Hanna shares how a HS project her Sophomore year led to her becoming K-12 Food Rescue’s National Director of Student leadership for 2 years. Her journey also includes a transition from program implementation to advocate for policy change, as North Carolina’s school food waste guidelines have temporarily ended her vision to have all schools in NC adopt food recovery policies. Be inspired by her #nofoodwaste story!
Food safety policies are good. We can be thankful and sleep better knowing our government takes measures to insure the safety of our food supply chain. But when policies overreach at the expense of feeding children and families in need, it's time for someone to question "Why?"
In 2017 in Charlotte, NC a food recovery program run by our own former National Student Director Hanna Wondmagegn was shut down. Now, in Chatham County NC, teacher Joanna Hedrick’s Food Bus program has been shut down on everything except non-perishable items. Both Hanna and Joanna were asked to comply with a May 2016 memo from the N.C. Public Health Department that stated only “unserved food is allowed to be donated.” The number of food items allowed to be recovered within the restrictions of this memo is negligible.
Many North Carolinians have contacted Food Rescue frustrated they can't get started with K-12 Food Rescue due to their state being out of step with USDA policies for school food donations. The local Retail Food Program Supervisor in Ms. Hedrick’s county explained the ultimate reason for the shutdown of her school’s Food Bus program: the NC Department of Health and Human Services and the NC Department of Public Instruction agree “that potentially hazardous foods may not be shared at sharing tables at schools. The NCDHHS NCDPI memo from May 2016 still stands. Only non-potentially hazardous foods may be shared at these sharing tables.”
A serious revision of the NC Public Health Department’s memo regarding sharing tables at schools is long overdue. It is tragic for NC to be prohibiting the collection of perishables when the USDA and over 20 states have written guidelines for the safe recovery of unopened and unpeeled food items from the trays of students. These USDA guidelines insure that recovered “potentially hazardous foods” remain safe, allowing those foods be eaten instead of going into the garbage.
Scott Coleman, NC Public Health Department’s communication manager, was quoted in a recent digital article by Xpress: “Ultimately, it’s up to the schools to decide what they feel comfortable donating,” However, Mr. Coleman’s statement falls flat since, clearly, local health department officials and school nutrition personnel are bound to uphold the May 2016 memo.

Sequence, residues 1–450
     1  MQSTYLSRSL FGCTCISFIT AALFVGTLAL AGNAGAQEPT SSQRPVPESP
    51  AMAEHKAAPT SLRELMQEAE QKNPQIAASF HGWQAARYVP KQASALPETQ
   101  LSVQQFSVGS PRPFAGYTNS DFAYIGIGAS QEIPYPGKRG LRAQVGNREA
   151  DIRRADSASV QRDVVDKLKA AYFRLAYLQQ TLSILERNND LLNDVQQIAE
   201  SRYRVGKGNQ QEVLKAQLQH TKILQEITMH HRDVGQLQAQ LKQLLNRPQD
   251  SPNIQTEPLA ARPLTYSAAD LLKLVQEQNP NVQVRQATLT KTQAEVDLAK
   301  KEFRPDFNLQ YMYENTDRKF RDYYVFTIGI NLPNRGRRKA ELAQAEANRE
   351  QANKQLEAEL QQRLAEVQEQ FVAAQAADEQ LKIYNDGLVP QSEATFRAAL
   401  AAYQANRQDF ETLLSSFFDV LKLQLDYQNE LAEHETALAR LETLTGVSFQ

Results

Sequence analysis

The photos below of Siler City Elementary School’s Food Bus program while it was still operational demonstrate the type and amount of food that is now sadly forced to be thrown away. During the 10 months Ms. Hedrick’s program was running, 13,000 pounds of food were recovered. The West Chatham Food Pantry happily accepted the school’s recovered food. Food Pantry director Frieda Hackney misses the daily donations the school previously provided. All the food that once fed children and families in need is now feeding a landfill.
In Indiana and so many other states, students are allowed to protect our environment from the harmful greenhouse gases that result from rotting food in landfills. They are allowed to make the choice to feed families in need instead of feeding landfills. Comprehensive changes to NC’s far-too-restrictive policies related to school food recovery are long overdue.
Meanwhile, Johnston County Schools in North Carolina promote Share Tables openly with no resistance from local health departments or nutrition services with in the state. Check out the video on their school district's website.
Hanna Wondmagegn is the inspired student leader fighting for change in NC. She is now a Sophomore at UNC, and here story and videos can be seen at the link below.
This interview notes our National Director of Student Leadership is the first student to start a Food Rescue program in a school in the country, which could be misunderstood. Hanna is the first student to actually take the lead role from start to finish that we are aware of and see it through it's completion and implementation. In short, adults followed her lead. There are other schools across the country who started a Food Rescue program before East Meckenburg HS, but Hanna's accomplishment is unique.
Food Rescue National Student Leadership Director Hanna Wondmagegn delivers a passionate speech to the Charlotte Mecklenburg School Board regarding her passion to see her district with around 100 schools adopt K-12 Food Rescue policies, as well as the state of North Carolina and nation.
If you are interested in seeing how Hanna was introduced by the school board, you can watch her impressive introduction below.